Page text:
How does the EC want to boost the Union’s role in the fight against epidemiological threats?
Von der Leyen emphasised that limited EU competences in healthcare made it more difficult for the EC to help Member States when the pandemic hit. Consequently, she suggested that enlarging the EU’s prerogatives in this domain should be considered by the Conference on the Future of Europe. She announced the creation of a strategic stockpile of medical equipment and a new agency that would work on biotechnological research. She supported the European Parliament’s call for restoring funds in the 2021–2027 multiannual budget for closer cooperation in healthcare. The funding for the programme was earlier cut by the European Council.
What are the key elements of the long-term vision for the Union’s development?
The EC’s strategy remains focused on the green and digital transformations designed before the pandemic struck. To enable the EU to achieve climate neutrality by 2050, the EC proposes raising the emissions reduction target for 2030 from 40% to at least 55% (in relation to emissions in 1990). The green transformation should provide a boost to the European economy as it would enhance the development of new technologies in energy generation, transport, and construction. Now, 37% of the Next Generation EU recovery instrument is to be invested for this purpose. Meanwhile, 20% will support the technical revolution: production of European supercomputers, the development of broadband internet in rural areas, and wider use of artificial intelligence in areas such as agriculture and healthcare.
What does the EC want to achieve in external relations?
As the first wave of the pandemic exposed the Union’s dependence on third countries, von der Leyen hopes that Member States will become more receptive to her calls for a more common and determined foreign policy. Moving from unanimity to qualified majority (for example, on issues regarding sanctions) is to enable the EU to react faster to international crises. The Commission president also wants to boost the EU’s international clout by mending relations with its key partners, the U.S. and UK. On the other hand she has advocated a more assertive posture towards China, Russia, and Turkey, which would involve resolute insistence on reciprocity in economic relations and a steadfast defence of European values. The EC also wants to continue the enlargement process.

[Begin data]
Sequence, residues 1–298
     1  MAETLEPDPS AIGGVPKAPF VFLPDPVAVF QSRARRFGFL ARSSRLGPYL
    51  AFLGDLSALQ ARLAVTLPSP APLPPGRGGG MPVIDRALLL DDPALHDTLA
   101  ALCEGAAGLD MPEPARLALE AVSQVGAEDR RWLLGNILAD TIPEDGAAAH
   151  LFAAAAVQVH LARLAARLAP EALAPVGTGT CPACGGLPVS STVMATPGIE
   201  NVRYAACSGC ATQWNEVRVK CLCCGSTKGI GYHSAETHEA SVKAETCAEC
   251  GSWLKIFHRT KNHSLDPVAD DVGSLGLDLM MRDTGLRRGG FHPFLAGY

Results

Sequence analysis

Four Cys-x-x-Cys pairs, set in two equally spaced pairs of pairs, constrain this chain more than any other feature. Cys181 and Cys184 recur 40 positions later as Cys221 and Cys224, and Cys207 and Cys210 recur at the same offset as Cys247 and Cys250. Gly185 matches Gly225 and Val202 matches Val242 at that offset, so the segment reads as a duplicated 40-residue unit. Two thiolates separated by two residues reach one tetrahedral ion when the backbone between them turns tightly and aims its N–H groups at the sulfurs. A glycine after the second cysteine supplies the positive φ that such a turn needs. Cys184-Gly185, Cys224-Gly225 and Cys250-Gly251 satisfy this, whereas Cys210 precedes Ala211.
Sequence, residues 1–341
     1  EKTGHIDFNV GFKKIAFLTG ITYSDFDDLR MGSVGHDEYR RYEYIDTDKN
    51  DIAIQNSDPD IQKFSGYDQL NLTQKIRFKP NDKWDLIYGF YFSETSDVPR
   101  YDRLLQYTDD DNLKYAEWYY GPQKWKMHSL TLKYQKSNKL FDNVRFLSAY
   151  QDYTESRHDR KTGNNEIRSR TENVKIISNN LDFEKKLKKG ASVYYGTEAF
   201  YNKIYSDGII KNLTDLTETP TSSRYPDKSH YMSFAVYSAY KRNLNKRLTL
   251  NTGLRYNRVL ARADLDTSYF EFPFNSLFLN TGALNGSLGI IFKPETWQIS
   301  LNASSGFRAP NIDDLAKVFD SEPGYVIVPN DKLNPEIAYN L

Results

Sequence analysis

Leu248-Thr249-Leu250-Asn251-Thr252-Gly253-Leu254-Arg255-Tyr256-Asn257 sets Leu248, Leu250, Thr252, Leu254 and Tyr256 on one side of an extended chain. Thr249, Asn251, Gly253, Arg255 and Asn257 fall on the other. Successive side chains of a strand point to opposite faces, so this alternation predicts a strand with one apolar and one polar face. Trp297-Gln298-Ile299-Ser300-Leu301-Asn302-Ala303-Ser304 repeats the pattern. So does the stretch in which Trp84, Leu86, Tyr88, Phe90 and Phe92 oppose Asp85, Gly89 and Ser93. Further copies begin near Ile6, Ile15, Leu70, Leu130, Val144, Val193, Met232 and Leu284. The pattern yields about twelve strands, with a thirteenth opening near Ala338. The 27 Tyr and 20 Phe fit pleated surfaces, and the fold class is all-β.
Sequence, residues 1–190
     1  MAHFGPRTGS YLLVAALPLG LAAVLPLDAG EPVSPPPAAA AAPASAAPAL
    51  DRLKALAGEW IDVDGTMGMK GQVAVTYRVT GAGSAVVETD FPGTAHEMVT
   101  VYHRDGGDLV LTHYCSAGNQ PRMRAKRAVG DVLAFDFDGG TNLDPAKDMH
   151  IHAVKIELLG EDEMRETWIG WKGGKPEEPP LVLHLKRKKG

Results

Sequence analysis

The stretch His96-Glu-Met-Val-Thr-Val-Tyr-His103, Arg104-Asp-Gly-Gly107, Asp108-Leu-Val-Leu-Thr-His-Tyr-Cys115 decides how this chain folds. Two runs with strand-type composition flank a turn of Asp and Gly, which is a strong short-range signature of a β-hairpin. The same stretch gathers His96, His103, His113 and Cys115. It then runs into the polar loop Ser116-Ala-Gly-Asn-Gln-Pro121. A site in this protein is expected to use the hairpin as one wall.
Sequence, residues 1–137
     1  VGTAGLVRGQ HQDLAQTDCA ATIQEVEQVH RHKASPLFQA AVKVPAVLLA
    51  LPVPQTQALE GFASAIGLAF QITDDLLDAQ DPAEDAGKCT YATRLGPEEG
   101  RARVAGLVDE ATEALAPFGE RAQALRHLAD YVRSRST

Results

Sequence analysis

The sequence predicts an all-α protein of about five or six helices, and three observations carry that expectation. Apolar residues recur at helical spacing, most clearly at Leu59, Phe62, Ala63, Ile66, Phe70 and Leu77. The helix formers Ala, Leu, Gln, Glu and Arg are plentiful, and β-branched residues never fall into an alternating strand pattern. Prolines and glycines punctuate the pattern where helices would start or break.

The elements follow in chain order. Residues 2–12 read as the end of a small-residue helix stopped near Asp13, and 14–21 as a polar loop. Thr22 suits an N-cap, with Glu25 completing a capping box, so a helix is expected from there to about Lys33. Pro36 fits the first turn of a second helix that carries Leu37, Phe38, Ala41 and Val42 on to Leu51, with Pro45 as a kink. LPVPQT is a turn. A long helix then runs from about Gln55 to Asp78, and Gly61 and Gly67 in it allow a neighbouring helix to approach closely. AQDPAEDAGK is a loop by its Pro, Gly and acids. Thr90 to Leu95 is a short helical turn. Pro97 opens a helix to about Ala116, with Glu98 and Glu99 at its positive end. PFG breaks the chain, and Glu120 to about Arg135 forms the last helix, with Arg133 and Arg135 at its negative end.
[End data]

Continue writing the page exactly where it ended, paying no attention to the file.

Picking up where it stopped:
What are the other objectives of the EC?
Apart from the digital and green transformations, von der Leyen stressed her willingness to pursue the other policy objectives presented at the outset of her term last year. Creating new sources of revenue for the EU is particularly important. These could come from new taxes and levies, such as the digital tax and/or the carbon border-adjustment mechanism. Revenue gained this way could facilitate the repayment of debt taken on to create the recovery fund. Unanimity is, however, needed to progress on this issue. The circumstances of the economic crisis could complicate the debate concerning reforms of other community policies where divergences were clear even before the pandemic. These include industry and competition policy, as well as on migration, where the EC seems to lack ideas for breaking the deadlock.
What does the Commission’s strategy imply for Poland?
Given the ever-more ambitious climate objectives, an important challenge for the Polish government will be to prepare a strategy for using the funds from the recovery instrument in a way that will guarantee access to money ring-fenced for the green transformation. The mechanism for making the disbursement of EU funds dependent on an assessment of the rule of law remains a point of contention between the government and EU institutions. In view of the strong support for such a mechanism expressed by the EC, several Member States, and the major political groups in the EP, its creation seems a foregone conclusion. The continuation of the enlargement process complies with the position of the government, but the latter is unlikely to support wider use of qualified-majority voting in matters related to foreign policy.